Even younger than Funding Circle, Anne Boden’s Starling Bank has been making significant inroads into the market share of business banking accounts held by SMEs. It expects to own 18% of them within the next five years.
Digital Is Now the Critical Component
The pandemic has accelerated the need and expectation for advanced digital processes. Some of the big banks even turned to fintechs to help them facilitate loans faster and to avoid the approval of more fraudulent applications. The technology now employed to verify that a customer is who they say they are (KYC – Know Your Customer) or prevent money laundering (AML – Anti-money laundering) is plugged into the back-end infrastructure to ensure due diligence is as, if not more, robust than the days of visiting a local branch and sharing physical documents with the manager.
It was this combined with open banking and machine learning that enabled Funding Options to develop a platform whereby real-time loan approvals are possible. Funding Cloud has facilitated a £25,000 loan via iwoca in just 20 seconds – from application to approval. Since then, that has been repeated with one SME applying for and then drawing down on an approved loan in just 39 minutes. To have cash in the bank in that amount of time may be a lifesaver in some instances. At the very least it means an SME owner can spend their valuable time on building a business, not searching around and dealing with paperwork.
Beyond tech, it’s evident that fintechs are now attracting the very best people too. Such has been the sector’s rise from squad member to first team starter, the talent is an exciting combination of true innovators and those steeped in commercial banking expertise. The Funding Options senior team alone has combined commercial banking experience at the likes of RBS/NatWest, Lloyds Bank, Deutsche Bank, Morgan Stanley, Barclays Capital, Commonwealth Bank of Australia, ABN AMRO, HSBC, and Standard Chartered.
Despite all the proof points, progress, and talent, alt-fi lenders so often remain at the margins, unable to access credit via the Bank of England’s Term Funding Scheme, meaning many products have not been able to compete equally with those offered by incumbent banks.
The negative impact of non-bank lenders not having access to an equivalent facility to the Term Funding Scheme, is widely recognised across the sector and more broadly by industry bodies, HM Treasury, and the government. Many have spent countless hours lobbying for change solely to allow the non-bank lenders to be given the opportunity to continue to offer a competitive choice of funding options to UK businesses and yet 15 months after the start of the CBILS, nothing has tangibly changed.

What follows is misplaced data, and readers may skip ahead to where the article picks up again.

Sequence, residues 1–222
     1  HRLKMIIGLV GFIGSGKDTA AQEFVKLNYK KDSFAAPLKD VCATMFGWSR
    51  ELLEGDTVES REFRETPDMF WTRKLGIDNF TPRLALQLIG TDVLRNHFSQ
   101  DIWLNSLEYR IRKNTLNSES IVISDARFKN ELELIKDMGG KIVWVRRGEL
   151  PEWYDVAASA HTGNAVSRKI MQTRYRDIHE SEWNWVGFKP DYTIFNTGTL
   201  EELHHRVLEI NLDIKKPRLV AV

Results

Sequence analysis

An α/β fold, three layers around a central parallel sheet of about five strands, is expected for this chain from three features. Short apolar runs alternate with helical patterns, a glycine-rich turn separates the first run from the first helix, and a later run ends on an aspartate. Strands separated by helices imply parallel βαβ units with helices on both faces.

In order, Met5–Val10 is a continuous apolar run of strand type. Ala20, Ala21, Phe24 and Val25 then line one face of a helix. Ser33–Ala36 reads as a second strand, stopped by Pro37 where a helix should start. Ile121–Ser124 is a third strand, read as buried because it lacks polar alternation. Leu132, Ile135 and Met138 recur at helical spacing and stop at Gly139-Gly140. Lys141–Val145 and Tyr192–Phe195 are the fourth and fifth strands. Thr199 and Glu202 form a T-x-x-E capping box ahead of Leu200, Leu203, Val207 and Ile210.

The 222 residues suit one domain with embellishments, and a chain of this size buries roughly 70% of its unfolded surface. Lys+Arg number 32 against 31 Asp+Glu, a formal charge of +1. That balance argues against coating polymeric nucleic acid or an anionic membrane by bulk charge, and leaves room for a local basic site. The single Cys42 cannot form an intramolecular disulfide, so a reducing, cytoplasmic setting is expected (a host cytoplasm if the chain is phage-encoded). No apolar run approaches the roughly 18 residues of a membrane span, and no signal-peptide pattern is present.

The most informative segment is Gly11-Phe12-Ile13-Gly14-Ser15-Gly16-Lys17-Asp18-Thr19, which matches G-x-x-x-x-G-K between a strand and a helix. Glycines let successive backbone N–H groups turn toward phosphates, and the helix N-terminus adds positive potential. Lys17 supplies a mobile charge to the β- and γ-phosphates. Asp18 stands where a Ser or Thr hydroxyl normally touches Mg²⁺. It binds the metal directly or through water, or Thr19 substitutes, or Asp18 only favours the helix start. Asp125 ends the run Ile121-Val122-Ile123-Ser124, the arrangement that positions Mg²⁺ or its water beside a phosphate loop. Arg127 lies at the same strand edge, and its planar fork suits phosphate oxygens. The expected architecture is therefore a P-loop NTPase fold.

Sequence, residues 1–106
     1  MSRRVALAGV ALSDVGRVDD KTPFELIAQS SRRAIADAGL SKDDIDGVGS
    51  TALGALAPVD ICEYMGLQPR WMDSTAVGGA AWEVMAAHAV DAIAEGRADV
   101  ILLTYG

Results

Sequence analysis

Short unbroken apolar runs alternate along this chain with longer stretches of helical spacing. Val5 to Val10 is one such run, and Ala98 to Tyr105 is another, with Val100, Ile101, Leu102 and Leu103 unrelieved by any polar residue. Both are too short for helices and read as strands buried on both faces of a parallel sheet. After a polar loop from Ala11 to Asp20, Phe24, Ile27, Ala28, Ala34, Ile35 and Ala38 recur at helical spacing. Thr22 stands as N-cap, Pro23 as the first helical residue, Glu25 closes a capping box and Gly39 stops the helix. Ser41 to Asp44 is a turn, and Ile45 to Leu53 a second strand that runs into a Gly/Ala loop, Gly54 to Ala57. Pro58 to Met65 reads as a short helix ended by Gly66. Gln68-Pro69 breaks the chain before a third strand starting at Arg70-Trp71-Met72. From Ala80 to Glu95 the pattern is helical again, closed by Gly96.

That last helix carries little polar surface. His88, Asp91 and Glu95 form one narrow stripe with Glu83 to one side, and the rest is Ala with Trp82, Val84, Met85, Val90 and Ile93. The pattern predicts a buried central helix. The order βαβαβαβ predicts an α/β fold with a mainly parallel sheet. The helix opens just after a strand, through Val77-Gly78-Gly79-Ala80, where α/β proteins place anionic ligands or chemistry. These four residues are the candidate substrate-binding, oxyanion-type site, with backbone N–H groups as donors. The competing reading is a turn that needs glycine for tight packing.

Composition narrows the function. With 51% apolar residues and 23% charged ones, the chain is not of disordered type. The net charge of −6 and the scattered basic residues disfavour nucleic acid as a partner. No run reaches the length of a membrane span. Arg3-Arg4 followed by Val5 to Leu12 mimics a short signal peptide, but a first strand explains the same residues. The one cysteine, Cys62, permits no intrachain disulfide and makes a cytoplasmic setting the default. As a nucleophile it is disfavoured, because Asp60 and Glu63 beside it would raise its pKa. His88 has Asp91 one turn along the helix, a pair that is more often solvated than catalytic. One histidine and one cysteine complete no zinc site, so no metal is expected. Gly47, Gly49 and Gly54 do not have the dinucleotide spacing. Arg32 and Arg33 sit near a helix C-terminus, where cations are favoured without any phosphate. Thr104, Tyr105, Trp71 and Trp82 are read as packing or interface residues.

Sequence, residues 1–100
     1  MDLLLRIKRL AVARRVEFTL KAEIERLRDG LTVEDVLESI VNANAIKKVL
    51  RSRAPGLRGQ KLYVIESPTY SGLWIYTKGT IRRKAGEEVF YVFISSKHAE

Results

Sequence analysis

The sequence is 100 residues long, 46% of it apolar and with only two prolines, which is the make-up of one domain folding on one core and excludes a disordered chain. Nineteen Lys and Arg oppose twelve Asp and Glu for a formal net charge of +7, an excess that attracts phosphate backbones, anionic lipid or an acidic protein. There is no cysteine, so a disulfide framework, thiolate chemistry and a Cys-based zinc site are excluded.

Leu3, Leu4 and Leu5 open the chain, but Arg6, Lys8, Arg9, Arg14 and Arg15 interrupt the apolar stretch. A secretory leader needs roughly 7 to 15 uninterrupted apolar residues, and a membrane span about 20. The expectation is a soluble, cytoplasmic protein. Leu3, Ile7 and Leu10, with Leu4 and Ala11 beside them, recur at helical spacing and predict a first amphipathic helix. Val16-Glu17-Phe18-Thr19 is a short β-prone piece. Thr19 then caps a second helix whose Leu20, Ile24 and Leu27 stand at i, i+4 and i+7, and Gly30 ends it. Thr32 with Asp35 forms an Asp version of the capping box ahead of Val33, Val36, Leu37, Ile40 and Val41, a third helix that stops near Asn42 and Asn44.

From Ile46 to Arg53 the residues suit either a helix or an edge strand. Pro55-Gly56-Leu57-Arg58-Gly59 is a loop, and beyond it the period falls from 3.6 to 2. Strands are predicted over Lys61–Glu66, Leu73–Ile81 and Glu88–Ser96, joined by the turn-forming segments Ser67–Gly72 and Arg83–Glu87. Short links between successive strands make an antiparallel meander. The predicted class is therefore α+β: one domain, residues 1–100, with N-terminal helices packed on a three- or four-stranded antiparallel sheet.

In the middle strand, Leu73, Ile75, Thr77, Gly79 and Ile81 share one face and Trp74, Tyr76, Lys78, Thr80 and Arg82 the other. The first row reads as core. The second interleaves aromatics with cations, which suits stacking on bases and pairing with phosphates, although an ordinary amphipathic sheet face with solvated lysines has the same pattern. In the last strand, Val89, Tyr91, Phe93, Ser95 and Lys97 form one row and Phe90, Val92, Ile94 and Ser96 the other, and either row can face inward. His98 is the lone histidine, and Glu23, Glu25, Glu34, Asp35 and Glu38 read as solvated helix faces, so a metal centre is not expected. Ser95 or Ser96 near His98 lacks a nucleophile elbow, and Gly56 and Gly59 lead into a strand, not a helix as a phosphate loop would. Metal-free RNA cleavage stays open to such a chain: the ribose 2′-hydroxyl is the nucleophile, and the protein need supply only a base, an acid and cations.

Pushing products down the food chain to the status of ‘alternative’ will only see SMEs missing some of the funding solutions that are most tailored to their needs and priced competitively, to give them the necessary broad spread of options to give them the best chance of success.
Let’s recall the words of Ron Kalifa OBE in the Preface to the Kalifa Review of UK Fintech: “Fintech is not a niche within financial services. Nor is it a sub-sector. It is a permanent, technological revolution that is changing the way we do finance.” The more we put something or someone down in life, the lesser their chances of thriving – and we’d have to ask how serious the government is about wanting the UK to be a world leader. Today we have a global market share of 10% and UK fintech generates £11bn of revenue. But this can quickly change. “Others are waiting for our crown to slip,” Kalifa warned.
While those in the sector draw from a well of pride in being challengers, it’s time for ‘alternative finance’ to take its place in the mainstream. The community is thriving, producing giants such as Revolut and Klarna while the likes of Funding Circle play an integral role in the economic recovery. By promoting greater choice and competitiveness, fintech delivers the service customers have long-deserved and has the power and influence to enable businesses to flourish after months of uncertainty. So let’s just drop the diminutive now.